Press OK.

These identifiers are applied and maintained ideally from a database or the authoring environment (Adobe Frame+SGML, for example).
Using STAR techniques will allow you to reuse content internally and eliminate the cost of outsourcing updates of unchanged content — unless you want to explain to your CEO why you are paying for the update of the same unchanged words over and over with every update.
Ah, but can STAR provide a solution for both updating unchanged localised content without incurring a cost for a post-update reviews to make sure that the context has not changed? Yes! STAR has both the knowledge and the know-how to show you how identifiers and string matching techniques can work together to detect unchanged strings and to leverage existing localisations securely without loss of context.


Grammar check the source content before localisation starts. This sounds obvious, but documentation that has not even been spell checked is often sent to localisation. Using a simple technique like running the grammar checker in Microsoft Word will not only catch spelling errors but also detect grammatical constructs that are difficult to localise (for example, the use of the passive voice).
Using such a simple automation technique allows you to eliminate problems that could otherwise only be detected using very expensive controlled authoring techniques. Eliminating the need for editorial changes after localisation begins is key to updating only when it is needed.


Remember that the outsourcing of graphics creation is expensive. Instead, remove all localisable callout text from graphics and include it in the text of your documentations to be added to a translation memory for reuse.
Replace the callout text with numbered (not lettered) callouts arranged clockwise on graphics and cross-reference the numbers to the text into the main document. This allows the same graphics to be automatically re-used in all localised versions.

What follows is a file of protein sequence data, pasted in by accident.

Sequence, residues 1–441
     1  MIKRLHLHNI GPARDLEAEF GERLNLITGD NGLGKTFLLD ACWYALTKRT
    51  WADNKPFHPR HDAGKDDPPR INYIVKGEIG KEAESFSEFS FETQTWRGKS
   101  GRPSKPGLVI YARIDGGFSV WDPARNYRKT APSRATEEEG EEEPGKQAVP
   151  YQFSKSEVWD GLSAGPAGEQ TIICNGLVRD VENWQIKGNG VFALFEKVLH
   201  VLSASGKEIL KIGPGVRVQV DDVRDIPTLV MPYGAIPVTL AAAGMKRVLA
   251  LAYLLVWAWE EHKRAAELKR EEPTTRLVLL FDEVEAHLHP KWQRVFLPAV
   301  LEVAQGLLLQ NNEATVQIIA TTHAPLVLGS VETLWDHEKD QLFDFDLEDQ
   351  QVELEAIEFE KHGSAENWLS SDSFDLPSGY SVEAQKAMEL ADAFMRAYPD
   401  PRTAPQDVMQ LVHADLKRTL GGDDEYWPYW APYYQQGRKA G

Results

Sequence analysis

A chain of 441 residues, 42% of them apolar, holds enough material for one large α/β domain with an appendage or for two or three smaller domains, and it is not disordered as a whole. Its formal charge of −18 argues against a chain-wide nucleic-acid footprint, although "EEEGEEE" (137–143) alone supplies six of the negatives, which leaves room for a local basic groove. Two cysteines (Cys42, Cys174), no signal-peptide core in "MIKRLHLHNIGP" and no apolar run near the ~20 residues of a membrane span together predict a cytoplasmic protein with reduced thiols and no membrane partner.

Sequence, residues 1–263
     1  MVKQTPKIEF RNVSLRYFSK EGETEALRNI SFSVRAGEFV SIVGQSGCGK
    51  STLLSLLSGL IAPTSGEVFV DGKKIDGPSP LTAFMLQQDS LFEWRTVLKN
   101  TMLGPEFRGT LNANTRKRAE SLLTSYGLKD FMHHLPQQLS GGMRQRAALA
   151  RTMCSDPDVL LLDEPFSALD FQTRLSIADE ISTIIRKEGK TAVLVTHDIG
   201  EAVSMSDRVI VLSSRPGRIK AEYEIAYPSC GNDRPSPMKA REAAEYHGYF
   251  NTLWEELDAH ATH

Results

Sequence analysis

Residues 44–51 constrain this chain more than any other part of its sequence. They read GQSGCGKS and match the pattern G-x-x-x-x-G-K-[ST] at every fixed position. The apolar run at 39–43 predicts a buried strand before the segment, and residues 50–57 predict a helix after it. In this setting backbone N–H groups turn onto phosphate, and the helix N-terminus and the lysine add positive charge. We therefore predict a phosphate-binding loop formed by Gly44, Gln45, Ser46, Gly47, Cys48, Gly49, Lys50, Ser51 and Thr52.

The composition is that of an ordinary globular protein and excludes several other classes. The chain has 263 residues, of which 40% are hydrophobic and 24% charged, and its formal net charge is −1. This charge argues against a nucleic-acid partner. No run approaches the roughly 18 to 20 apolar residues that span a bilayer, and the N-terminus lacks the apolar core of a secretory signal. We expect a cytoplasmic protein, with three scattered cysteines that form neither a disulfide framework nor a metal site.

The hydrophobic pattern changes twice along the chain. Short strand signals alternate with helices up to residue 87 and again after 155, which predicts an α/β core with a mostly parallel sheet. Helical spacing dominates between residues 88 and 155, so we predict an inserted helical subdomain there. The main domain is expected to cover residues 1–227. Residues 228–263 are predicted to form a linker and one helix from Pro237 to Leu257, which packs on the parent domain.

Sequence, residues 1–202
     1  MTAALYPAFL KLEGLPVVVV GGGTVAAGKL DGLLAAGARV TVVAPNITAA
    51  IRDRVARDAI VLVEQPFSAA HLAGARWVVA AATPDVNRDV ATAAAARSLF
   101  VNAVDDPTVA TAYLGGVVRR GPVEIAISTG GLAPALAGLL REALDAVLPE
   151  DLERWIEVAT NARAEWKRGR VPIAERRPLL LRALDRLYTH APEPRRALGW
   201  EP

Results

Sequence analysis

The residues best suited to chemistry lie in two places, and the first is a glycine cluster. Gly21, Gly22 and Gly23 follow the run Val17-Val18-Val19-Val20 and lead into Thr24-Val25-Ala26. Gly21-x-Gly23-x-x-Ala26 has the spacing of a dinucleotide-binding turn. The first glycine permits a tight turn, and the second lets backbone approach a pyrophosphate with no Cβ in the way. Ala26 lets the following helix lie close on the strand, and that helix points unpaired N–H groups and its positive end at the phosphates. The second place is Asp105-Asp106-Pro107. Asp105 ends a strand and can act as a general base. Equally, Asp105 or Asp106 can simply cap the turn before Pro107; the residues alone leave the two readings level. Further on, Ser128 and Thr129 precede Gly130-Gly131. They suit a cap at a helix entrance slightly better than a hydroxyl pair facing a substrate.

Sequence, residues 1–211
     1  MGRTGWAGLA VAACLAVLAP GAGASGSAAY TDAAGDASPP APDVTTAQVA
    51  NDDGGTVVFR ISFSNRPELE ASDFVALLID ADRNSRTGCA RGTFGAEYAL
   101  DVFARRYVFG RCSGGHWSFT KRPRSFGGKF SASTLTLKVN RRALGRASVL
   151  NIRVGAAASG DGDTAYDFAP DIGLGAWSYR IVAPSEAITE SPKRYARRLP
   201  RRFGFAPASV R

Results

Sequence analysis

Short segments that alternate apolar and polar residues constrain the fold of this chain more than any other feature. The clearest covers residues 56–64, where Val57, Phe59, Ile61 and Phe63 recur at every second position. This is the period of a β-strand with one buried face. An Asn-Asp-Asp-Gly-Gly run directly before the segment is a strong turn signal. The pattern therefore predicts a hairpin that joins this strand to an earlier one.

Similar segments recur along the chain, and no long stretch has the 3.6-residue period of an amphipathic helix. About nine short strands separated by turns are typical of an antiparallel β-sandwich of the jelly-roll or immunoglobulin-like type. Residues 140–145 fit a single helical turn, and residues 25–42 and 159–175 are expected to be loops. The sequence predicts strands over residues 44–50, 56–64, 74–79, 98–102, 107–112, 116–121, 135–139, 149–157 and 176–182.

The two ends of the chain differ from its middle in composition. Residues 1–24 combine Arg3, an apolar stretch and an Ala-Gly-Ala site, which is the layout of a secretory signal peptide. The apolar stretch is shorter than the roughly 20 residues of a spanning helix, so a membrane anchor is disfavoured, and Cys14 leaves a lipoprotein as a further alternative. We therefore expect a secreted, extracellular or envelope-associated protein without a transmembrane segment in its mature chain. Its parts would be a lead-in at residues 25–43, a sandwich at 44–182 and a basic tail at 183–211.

We will help you address these and other painfully costly graphics localisation issues so that your picture can really paint a thousand words in any language.


If you have accessibility requirements (accessibility means that people with disabilities can successfully access your product’s information), handle it sensibly. An expensive rewrite of HTML documentation is not required. Instead, for HTML tables add summary attributes that say “this table is for formatting only” and for graphics the alternative text attribute can say, “this picture is described in the text that follows”. These simple phrases are easily localised once and then automatically inserted into the HTML syntax code without fear of loss of context or the need to write expensive descriptions for localisation. You can tender for government and US or European Union-based contracts and meet statutory accessibility requirements using these simple techniques.


Use open, extensible industry standards so that your data can be easily processed by any commercially available localisation tool or vendor. XLIFF is an excellent medium for commoditization of the localisation process. It also allows easy customization and eliminates the need to develop proprietary tools and special processes.


Database manager
Feighlí feasa
Gocamán na ngiotán
Manager means administration tool – not a person

We have a proven background in data definition and XLIFF. With our expertise, your localisation process can become an easily commoditised task for all parties in the equation.


Redesign your localisation process so that automation is central to leveraging, internal compliance and quality assurance tasks. Use the power of technology to automatically do as much work as possible internally using existing or reduced headcount. Once a file is outsourced to a localisation vendor for any task, you will incur costs — even for tasks that those vendors themselves have automated (such as updating files).